Business partnerships are great.
From outsourcing deals to franchises to tie-ups, they deliver economies of scale, let us focus on our core proposition and extend our reach.
But partnerships have pitfalls which can risk damaging your brand.
You can avoid many of these pitfalls by making sure your partnership approach is properly thought through, appropriately funded and aligned to your brand strategy.
Hardly rocket science, yet sometimes we still get it wrong.
We recently had a family trip to Costa Rica. We mostly had a fabulous time, and the bits which weren’t fabulous provided me with grist to the mill for this blog, so really a ‘win-win’.
We booked the trip with a well-known premium small group tour company in the UK because of their reputation as a quality provider with high standards.
They had partnered with an operator in Costa Rica to deliver the ground component of the tour. Perfectly fine, and necessary for them to offer the trip at a price point suitable for a semi-retired potterer like me.
It was no big deal to find on arriving in San Jose that our tour bus wasn’t the nice shiny one with the UK tour operator branding, but the one next to it in the local company livery, with an A4 laminated printout of our operator’s logo blu-tacked to the window.
It was more of a deal to find that our tour guide had never run this tour before, hadn’t shadowed another guide on it, hadn’t been fully briefed on the itinerary, and was prepared to deliver a tour which differed in important respects from the one we had paid for. (It’s not inspiring when the tour blurb trumpets that you’ll snorkel in the Caribbean and Pacific Oceans and your guide tells you won’t be snorkelling in either).
After some gentle cajoling we did end up getting more or less what we’d paid for, hence we mostly had a fabulous time and I was left feeling amenable enough to consider what this experience tells us about partnership management, instead of just blanking the whole experience and vowing to try Scarborough next year.
The main partnership failing for us as customers was the gap between our expectations of the brand and what was delivered through the partner.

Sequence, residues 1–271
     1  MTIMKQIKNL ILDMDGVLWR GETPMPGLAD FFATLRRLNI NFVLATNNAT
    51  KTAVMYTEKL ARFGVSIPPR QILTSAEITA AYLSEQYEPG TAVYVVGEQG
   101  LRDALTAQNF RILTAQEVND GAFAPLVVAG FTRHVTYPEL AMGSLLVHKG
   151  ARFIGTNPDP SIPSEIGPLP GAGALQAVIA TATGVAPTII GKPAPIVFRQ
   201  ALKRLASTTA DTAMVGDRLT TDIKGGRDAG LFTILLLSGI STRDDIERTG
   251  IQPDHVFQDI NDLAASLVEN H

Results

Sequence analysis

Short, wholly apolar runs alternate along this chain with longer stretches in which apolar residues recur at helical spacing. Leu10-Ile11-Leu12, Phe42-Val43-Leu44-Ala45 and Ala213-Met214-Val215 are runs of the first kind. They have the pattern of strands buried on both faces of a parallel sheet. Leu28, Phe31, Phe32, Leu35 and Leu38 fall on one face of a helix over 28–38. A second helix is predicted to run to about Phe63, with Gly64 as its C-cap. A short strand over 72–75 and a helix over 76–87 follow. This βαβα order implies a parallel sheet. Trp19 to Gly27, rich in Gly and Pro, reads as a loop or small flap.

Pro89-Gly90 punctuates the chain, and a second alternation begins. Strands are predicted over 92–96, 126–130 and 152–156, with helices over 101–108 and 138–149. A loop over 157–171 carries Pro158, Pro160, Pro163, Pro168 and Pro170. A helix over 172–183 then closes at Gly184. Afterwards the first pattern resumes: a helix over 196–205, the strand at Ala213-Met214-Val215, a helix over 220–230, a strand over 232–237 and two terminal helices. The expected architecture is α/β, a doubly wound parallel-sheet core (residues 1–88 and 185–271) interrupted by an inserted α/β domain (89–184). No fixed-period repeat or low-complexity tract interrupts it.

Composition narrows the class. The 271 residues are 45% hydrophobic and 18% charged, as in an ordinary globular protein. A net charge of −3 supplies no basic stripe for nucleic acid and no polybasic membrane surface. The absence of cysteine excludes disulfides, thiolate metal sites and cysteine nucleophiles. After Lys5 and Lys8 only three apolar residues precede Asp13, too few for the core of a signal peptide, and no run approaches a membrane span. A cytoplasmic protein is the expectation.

Some of this gap was pure perception (the blu-tacked sign) whereas other aspects were more material (the failure to deliver the contracted snorkelling trips).
The material aspects are clearly more important than those of perception, but both matter when it comes to brand.
I worked for a premium full-service airline when new partnerships started in the form of franchises and alliances, and we had to deal with the customer fallout.
Our customers had complaints ranging from those based purely on perception (‘I bought a ticket with your airline and ended up flying with a different one and I didn’t like the uniforms’) to material issues like differences in on-board catering.
These were dealt with by management strategies ranging from putting in more money to ensure consistent service standards, to extensive PR and comms with our customers, to simply accepting the complaints as an acceptable price for the extra business.
They were all valid management approaches because they were undertaken consciously and sustained throughout the partnership.
The problems tend to start if you under-invest in the partnership or if you neglect it when your business grows or changes.
In the case of our Costa Rica experience, and from talking to others who have used the same UK tour company, I got the sense that their growth rate might have outstripped their ability to manage their partnerships to a level which is consistent with their brand.
If you’re running two tours a month in twenty destinations, maintaining a quality proposition with your partners is much easier than when you’re running twenty tours in two hundred destinations.
I didn’t see anything to suggest the issues with the tour were due to basic under-investment in partnerships, although this is something I’ve observed elsewhere, and particularly where big brands are involved.
If you have a strong brand, it’s almost a given that you will use that brand value as a negotiating lever with partners. “We’re not paying you top dollar, but think of all the value you get from being associated with us.”
The problem being that all that reflected glory from your brand doesn’t pay your partner’s bills.
If you nail your partner to the floor on price, there’s a significant risk they won’t be able to sustain the product or service standards your customers expect from your brand.
Quality and brand value starts to slip, or your esteemed partner hits you with a bunch of costly contract change orders as punishment for your arrogance.
Invest properly in your partnerships and nurture them to protect customer retention and brand, or accept that both will suffer if you let your partnerships fall short of your brand values.
As for us, we’ve got a mildly defensive apology letter from the tour company, a money off voucher we won’t be using, and that bunch of brochures on the delights of North East England’s Riviera – see you in the Harbour Bar for a Knickerbocker Glory!